Many elementary school teachers love to teach reading and writing, but are less comfortable with science and math. It’s not a hard and fast truth, of course, but learning to read is a big focus of the early school years, so it makes sense that teachers who gravitate toward elementary school like teaching literacy. But it’s also important to expose kids to science early and get them excited about the practices that define scientific inquiry. And literature may be the perfect starting point. Stories are full of tension, conflict and dilemmas that make wonderful departure points for engineering projects that weave subjects together.
Researchers at Tufts Center for Engineering Education and Outreach partnered with teachers to design a program they call Novel Engineering, which plays on the literary strengths of elementary school teachers to help them explore hands-on science-oriented activities in their classrooms. Teachers pick a book with tension in it to read, but stop halfway to ask students to generate a list of problems the character is facing. Then students split off into pairs to design, prototype, test and iterate on solutions to their chosen problem.
Martin Daignault’s fourth-grade class at Winthrop School in Massachusetts tried Novel Engineering in one of the first weeks of class with Kate DiCamillo’s book, The Tiger Rising. The story revolves around a boy who finds a caged tiger in the woods near his house. When the class stopped to identify problems, one boy noted that he wanted to give the tiger more freedom, but he also realized that if the tiger were free it would not only endanger the community, but that very freedom would also put the tiger at risk. During the design and engineering time, he built a leash system for the tiger.
Later, when the class finished the story, it turned out this student had correctly predicted what would happen to the tiger a hundred pages before it did. “I think he felt tremendous pride,” Daignault said of the student, who happened to have difficulty reading. All Daignault knew about the student at this point in the year was that he had an Individual Education Program (IEP) and struggled with reading, but after this activity he saw what a deep thinker the kid was, too. That helped set them on a positive course for the rest of the year.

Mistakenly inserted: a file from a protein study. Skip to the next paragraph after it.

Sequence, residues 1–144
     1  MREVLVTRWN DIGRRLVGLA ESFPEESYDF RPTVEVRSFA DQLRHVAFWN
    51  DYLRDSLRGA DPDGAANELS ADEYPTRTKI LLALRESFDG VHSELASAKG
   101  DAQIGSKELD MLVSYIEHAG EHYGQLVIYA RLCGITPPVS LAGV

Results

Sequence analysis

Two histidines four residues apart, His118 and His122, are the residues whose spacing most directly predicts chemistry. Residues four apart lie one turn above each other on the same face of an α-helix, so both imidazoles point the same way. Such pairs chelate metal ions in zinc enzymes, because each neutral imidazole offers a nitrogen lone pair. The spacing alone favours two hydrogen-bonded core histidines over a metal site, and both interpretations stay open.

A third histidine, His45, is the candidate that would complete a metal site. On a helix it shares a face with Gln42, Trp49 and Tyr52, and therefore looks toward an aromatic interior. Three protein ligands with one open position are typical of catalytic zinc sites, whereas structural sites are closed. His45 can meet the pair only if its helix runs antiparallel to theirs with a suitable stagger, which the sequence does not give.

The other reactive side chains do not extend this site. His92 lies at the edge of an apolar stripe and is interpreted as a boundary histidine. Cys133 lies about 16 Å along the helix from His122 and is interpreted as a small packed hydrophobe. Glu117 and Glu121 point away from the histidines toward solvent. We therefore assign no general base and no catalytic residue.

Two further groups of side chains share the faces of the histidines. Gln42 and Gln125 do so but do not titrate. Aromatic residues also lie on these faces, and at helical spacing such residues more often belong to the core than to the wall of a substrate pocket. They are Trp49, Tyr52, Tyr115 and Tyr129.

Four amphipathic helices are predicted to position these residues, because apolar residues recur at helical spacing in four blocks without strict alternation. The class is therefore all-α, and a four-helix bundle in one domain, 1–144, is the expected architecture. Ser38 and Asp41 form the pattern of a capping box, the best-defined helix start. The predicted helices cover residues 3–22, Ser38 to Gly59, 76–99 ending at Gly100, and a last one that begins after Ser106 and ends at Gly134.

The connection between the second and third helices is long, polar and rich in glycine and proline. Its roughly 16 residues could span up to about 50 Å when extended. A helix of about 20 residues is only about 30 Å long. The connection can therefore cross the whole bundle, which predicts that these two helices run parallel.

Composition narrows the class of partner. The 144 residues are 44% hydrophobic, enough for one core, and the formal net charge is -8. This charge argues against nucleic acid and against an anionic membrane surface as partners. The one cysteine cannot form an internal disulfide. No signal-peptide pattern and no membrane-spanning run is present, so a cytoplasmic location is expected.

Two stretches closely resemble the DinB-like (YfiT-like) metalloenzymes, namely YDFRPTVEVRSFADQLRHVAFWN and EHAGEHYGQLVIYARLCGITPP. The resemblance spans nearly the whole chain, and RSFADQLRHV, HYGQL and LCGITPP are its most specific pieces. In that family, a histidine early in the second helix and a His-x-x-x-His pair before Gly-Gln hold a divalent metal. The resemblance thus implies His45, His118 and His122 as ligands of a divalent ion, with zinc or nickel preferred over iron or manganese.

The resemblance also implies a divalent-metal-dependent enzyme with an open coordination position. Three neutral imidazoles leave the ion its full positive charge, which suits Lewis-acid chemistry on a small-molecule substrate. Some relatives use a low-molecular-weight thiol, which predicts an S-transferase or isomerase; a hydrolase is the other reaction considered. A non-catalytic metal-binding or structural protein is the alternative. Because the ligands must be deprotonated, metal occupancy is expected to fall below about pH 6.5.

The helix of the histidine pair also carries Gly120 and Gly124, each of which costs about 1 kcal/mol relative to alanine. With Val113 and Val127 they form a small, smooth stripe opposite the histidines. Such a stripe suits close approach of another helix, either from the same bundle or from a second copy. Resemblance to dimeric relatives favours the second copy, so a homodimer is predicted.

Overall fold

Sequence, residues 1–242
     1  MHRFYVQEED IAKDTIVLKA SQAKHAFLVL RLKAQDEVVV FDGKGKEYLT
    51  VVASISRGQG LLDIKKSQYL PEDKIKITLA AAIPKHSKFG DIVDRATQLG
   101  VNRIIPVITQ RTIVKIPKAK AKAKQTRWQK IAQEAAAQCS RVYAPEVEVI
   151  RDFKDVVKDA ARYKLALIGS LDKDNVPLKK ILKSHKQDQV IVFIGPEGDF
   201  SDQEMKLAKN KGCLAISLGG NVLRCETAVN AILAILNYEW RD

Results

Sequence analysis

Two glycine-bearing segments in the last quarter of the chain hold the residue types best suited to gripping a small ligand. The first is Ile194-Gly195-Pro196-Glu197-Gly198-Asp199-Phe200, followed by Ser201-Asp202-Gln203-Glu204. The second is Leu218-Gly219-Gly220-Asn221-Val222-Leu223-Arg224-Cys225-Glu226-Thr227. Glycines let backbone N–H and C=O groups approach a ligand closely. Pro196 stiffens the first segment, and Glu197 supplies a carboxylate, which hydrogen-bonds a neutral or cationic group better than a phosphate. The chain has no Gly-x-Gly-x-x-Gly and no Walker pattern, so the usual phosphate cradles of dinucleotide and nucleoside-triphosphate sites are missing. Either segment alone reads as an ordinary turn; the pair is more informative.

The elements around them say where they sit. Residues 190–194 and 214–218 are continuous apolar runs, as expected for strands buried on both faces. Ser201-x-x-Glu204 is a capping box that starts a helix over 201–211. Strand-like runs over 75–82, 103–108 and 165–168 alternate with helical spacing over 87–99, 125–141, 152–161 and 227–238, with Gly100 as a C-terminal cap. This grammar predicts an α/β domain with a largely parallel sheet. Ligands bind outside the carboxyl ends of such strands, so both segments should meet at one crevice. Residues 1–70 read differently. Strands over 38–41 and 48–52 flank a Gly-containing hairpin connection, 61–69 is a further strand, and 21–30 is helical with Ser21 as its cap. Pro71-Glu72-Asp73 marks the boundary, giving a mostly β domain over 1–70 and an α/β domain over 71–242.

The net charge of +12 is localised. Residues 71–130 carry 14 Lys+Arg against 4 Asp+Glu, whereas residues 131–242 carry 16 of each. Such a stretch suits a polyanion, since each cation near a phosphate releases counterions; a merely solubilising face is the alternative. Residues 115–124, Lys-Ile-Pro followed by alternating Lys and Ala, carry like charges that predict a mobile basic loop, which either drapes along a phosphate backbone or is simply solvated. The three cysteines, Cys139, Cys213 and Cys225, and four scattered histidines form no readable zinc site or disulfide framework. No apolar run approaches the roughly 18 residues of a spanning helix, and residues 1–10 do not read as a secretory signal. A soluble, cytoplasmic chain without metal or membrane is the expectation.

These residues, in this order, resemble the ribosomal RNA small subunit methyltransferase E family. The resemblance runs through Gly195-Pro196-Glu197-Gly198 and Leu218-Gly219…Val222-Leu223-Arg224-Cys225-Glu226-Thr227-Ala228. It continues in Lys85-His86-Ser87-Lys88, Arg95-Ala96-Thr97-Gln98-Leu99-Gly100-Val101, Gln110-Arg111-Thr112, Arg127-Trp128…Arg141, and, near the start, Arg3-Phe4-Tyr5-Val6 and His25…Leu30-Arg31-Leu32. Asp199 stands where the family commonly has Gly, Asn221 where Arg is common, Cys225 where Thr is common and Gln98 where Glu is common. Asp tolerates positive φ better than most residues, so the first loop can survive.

Brainstorming a list of problems in the book helped all students to read the text more deeply and got them excited to try to solve the issues they generated themselves. “Every person in the room had different takes on the big important parts of a story,” Daignault said, and the activity set a tone of exploration, deep reading and hands-on play for the rest of the year.
“We all agreed it was time well spent,” Daignault said of the team of fourth-grade teachers who have been working together to use Novel Engineering to deepen and extend their experience with practices in the Next Generation Science Standards (NGSS). There’s no extra time in the school year, so the week that Alicia Thomas, Gretchen Marinopoulos, Katie Norris, Robbyn Wile and Daignault spent with their classes reading, discussing, brainstorming, designing, problem-solving, testing and designing again was precious.
Designing a program that wouldn’t be an add-on to what teachers are already doing, but that would offer opportunities for them to experiment with interdisciplinary learning, was a goal for the Tufts staff designing Novel Engineering. Originally intended for third through fifth grade, staff now work with K-8 teachers and don’t see why it can’t work with high school as well.
“We really wanted to make sure it was flexible and it was based on books teachers were already using in the classroom,” said Elissa Milto, the program manager and a former classroom teacher. She understands teachers aren’t looking for a whole new curriculum, but that they do appreciate ideas that can be flexibly used within their existing standards.